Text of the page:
#1
MASSIVE post I know, but I think it's an interesting point for anyone who wirtes there own songs:

Hey up kids. Would like people's opinions on this - do you think writing a song with a Verse-Chorus-Verse-Chorus-Bridge-Chorus structure is ok if that's how the song goes, or do you think it's just lazy to write in that format?

The reason this has come to mind is because I've just written a song that has a VCVCBC structure - but it wasn't meant to. I'll explain:

Normally I write a song with a structure in mind - IE, once all the music's written I'll know which bits are verses, which are solos, etc. I'll write riffs with "ok, this one's the chorus" in mind. This means that the song structure is under my control - if I want to write in VCVCBC I will, but frequently of late I've been trying to play around with this more, using extended intros, multiple solos, solos after the first chorus, multiple verses before a chorus has come in, etc. Just keeps me more interested, and helps stop my songwriting becoming automatic.

But just recently, I've been writing a song (in a thrash/metalcore kinda style, if that's relevant), and I've been just writing it almost as an instrumental - I always in tended it to have words, but no particular riff was earmarked as the "chorus riff" or anything. According to the titles I gave the different sections on Powertab, the structure was this:

Quiet intro
Intro
Staccato riff
Squealy riff
Main riff
Main riff 2
Fat riff
Staccato riff 2
Squealy riff
Main riff
Main riff 2
Fat riff
Picky riff
High riff
Fat riff (to close)

Now you could argue that there's a rough ABABC structure there, but there's obviously a fair bit of variation. Then, having written lyrics independently of the song (just in chunks, again without any sections earmarked as "verse" or anything, I knew which my chorus refrain was, but wasn't sure of how the other pieces would fit around it), I started combining the two, and found that without it being in any way deliberate, I'd pieced it together so that "fat riff" had the chorus refrain, "main riff" and "main riff 2" had a sort of pre-chorus thing, and "squealy riff" had verses.

Giving me a structure of

Intro (in 3 parts)
Verse
Pre Chorus (in 2 parts)
Chorus
Repetition of 3rd part of intro
Verse
Pre Chorus (in 2 parts)
Chorus
Interlude (in 2 sections)
Chorus

- which can be simplified to ABABCB, or VCVCBC. So obviously in this case, the song "wanted" to have that structure, it was just how it fell into place. Of course, this could be because popular music is so full of ABABCB songs that writing a song any other way requires deliberate effort, and that anything just allowed to "fall into place" will always have an approximate ABABCB feel.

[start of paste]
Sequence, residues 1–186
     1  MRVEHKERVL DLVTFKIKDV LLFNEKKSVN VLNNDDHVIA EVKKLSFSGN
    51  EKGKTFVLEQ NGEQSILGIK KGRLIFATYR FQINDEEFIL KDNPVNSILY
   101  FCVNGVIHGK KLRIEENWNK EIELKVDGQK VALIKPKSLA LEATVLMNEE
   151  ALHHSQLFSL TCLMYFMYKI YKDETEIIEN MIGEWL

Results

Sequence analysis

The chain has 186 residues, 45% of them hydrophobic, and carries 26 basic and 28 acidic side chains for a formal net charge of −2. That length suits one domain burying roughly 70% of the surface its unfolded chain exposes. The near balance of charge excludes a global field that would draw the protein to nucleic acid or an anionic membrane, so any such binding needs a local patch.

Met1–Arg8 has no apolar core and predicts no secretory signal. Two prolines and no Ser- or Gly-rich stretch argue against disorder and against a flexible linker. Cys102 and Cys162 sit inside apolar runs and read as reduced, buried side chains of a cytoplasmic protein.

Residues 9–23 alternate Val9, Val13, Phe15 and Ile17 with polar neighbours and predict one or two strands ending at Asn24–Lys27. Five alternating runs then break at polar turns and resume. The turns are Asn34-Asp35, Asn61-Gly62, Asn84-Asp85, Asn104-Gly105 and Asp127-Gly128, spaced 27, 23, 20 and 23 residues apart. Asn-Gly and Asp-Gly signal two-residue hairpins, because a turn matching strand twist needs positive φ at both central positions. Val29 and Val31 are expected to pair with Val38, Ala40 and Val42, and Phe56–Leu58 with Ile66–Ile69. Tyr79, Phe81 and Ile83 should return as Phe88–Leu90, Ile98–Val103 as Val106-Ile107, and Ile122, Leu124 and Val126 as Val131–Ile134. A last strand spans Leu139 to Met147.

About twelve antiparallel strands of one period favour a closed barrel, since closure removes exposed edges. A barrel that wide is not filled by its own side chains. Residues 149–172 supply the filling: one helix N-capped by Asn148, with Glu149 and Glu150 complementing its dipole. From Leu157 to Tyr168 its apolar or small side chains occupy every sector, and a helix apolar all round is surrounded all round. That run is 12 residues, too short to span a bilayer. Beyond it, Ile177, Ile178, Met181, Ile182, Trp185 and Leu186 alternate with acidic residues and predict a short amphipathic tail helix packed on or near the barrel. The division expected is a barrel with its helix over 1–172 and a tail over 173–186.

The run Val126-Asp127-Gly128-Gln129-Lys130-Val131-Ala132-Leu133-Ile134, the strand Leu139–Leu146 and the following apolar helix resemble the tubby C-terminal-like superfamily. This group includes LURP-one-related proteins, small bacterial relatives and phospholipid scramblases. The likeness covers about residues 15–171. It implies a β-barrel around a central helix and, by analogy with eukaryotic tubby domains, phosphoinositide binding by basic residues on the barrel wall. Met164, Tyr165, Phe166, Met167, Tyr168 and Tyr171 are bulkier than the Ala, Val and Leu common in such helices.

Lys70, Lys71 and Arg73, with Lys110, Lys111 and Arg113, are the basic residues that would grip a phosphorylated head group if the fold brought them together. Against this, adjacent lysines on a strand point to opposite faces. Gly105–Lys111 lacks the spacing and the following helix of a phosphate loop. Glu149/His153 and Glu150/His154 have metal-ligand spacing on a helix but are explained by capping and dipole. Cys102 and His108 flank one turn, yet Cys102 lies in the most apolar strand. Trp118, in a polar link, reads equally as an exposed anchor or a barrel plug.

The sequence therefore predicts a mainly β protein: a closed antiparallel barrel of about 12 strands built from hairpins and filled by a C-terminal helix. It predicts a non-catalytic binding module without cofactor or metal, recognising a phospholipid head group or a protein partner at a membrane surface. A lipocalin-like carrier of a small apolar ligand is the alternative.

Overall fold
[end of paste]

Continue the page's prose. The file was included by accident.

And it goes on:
So, what are people's thoughts? Do you think songwriters should make a deliberate effort to use more interesting structures, or do you think it's best to just "see where it goes", even if this does end up with clichéd song structure? Maybe you even feel that VCVCBC is the best way to structure a song because of its continuity and familiarity?

Discuss and advise
Quote by adamrandall
ahh yes SRV. i got the intro on texas flood (easy) and then he's like twangledoodleblopdebloo dun dun dun dun DA dun DA and im like *dead*.


The Unholy plays a Jackson Warrior X through a Metal Muff

Squigglymetal!
#2
verse chorus is fine to write in. choosing a format for asong allows for more discretion with that song in that form. for example some of the coolest jazz work has aaba heads. so dont worry about working in a form worry about the content
i enjoy head
#3
Hm, yeah. That's kind of what I was thinking when I was writing the piece in question - if I focus on these riffs, then the riffs will be better for it, because I won't be compromising them by trying to make them fit my own pre-conceived idea of what a "chorus" riff should sound like. Incidentally, I think it's worked in that I'm very proud of the song, at least musically. Although having written it completely instrumentally, it seems a lot shorter now that I've put lyrics in.

One thing I have noticed is that it's lead to more complex transitions BETWEEN sections than I'd normally attempt. Some of the riffs change a bar early, or are glued together by a shared fill, or things like that that I maybe wouldn't have attempted if I was thinking of them in a more Lego-brick fashion.